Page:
Show us the plan: Investors pressure companies to be clean on climate

LONDON / BOSTON (Reuters) – In the past, shareholder votes on the environment were rare and easy to ignore. Things could look different in the annual meeting season that begins next month, when companies will face the most investor resolutions tied to climate change in years.

FILE PHOTO: Swedish climate change activist Greta Thunberg takes part in a protest over the climate strike during the 50th annual meeting of the World Economic Forum (WEF) in Davos, Switzerland, on January 24, 2020. REUTERS / Denis Balibouse / File Photo

Those votes are likely to garner more support than in previous years from big asset managers seeking clarity on how executives plan to adapt and thrive in a low-carbon world, according to Reuters interviews with more than a dozen activist investors. and fund managers.

In the United States, shareholders have filed 79 climate-related resolutions so far, up from 72 for all of last year and 67 in 2019, according to data compiled by the Institute for Sustainable Investments and shared with Reuters. The institute estimated that the count could reach 90 this year.

Topics to be voted on at the annual general meetings (AGM) include calls for emission limits, pollution reports and “climate audits” that show the financial impact of climate change on your business.

A broad topic is to pressure corporations in all sectors, from oil and transportation to food and beverage, to detail how they plan to reduce their carbon footprints in the coming years, in line with government promises to cut emissions to zero. net by 2050.

“Net zero targets for 2050 without a credible plan that includes short-term targets is a green wash, and shareholders need to hold them accountable,” said billionaire British hedge fund manager Chris Hohn, who is pushing companies around the world for a recurring vote of shareholders climate plans.

Many companies say they already provide a lot of information on climate issues. However, some activists say they see signs that more executives are willing to negotiate this year.

Royal Dutch Shell said on February 11 that it would become the first oil and gas major to offer such a vote, following similar announcements by Spanish airport operator Aena, British consumer goods company Unilever and US rating agency Moody’s. .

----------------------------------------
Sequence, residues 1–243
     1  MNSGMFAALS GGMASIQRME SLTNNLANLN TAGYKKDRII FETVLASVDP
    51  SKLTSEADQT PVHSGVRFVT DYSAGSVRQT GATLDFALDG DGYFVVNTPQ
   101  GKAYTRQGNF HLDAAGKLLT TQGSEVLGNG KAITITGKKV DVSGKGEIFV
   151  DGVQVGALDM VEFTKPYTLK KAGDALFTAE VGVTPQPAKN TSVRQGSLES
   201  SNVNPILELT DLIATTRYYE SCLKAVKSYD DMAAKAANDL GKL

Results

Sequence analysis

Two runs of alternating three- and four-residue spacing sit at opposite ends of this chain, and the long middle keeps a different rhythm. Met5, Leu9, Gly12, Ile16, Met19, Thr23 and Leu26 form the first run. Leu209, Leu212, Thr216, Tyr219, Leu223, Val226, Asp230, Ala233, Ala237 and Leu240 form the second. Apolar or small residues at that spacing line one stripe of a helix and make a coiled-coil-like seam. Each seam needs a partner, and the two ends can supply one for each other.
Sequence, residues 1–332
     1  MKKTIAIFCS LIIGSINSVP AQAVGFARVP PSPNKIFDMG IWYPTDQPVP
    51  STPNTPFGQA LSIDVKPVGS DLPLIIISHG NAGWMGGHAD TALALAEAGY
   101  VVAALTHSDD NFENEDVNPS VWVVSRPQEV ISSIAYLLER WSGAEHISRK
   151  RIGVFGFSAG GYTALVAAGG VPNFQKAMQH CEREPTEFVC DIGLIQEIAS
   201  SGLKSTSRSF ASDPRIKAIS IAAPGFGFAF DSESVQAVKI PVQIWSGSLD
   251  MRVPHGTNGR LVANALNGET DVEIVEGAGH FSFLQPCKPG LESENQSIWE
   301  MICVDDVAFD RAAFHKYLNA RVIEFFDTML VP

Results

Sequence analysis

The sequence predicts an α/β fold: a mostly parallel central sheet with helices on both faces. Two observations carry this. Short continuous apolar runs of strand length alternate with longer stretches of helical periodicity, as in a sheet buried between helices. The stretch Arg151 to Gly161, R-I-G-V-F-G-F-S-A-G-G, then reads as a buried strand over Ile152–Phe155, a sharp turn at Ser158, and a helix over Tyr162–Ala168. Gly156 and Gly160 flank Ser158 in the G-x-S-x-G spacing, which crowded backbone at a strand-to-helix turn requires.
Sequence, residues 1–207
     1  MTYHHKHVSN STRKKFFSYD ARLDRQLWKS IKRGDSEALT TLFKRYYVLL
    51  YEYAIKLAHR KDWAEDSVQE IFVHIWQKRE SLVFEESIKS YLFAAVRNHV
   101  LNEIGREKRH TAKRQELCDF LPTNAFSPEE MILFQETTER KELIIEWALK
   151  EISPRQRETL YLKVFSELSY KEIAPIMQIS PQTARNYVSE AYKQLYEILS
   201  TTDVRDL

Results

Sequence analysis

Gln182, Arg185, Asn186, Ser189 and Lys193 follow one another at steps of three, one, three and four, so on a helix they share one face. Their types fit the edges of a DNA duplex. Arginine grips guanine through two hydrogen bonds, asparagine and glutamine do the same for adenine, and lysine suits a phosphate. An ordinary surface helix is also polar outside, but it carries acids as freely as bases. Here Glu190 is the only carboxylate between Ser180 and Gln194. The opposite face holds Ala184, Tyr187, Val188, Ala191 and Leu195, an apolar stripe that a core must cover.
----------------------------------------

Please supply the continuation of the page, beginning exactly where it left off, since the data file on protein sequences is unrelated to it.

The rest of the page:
While most resolutions are non-binding, they often trigger changes with support of 30% or more, as executives seek to satisfy as many investors as possible.

“The demands for increased disclosure and targeting are much more precise than in 2020,” said Daniele Vitale, head of government at London-based Georgeson, which advises corporations on shareholder views.


While more and more companies are issuing net zero targets for 2050, in line with the targets set in the 2015 Paris climate agreement, few have published intermediate targets. A study conducted here by sustainability consultancy South Pole showed that only 10% of the 120 companies surveyed, from various sectors, had done so.

“There is too much ambiguity and lack of clarity about the exact journey and route that companies are going to take, and how quickly we can expect a move,” said Mirza Baig, director of investment management at Aviva Investors.

Swiss bank J Safra Sarasin’s data analysis, shared with Reuters, shows the scale of the collective challenge.

Sarasin studied the emissions of the approximately 1,500 companies in the MSCI World Index, a broad indicator of the world’s listed companies. He calculated that if companies globally did not curb their rate of emissions, they would increase global temperatures by more than 3 degrees Celsius by 2050.

That’s well below the Paris agreement target of limiting warming to “well below” 2 ° C, preferably 1.5 ° C.

At the industry level, there are large differences, according to the study: if each company emitted at the same level as the energy sector, for example, the temperature increase would be 5.8 ° C, with the materials sector, including metals and mining, ongoing. for 5.5 ° C and consumer staples, including food and beverages, 4.7 ° C.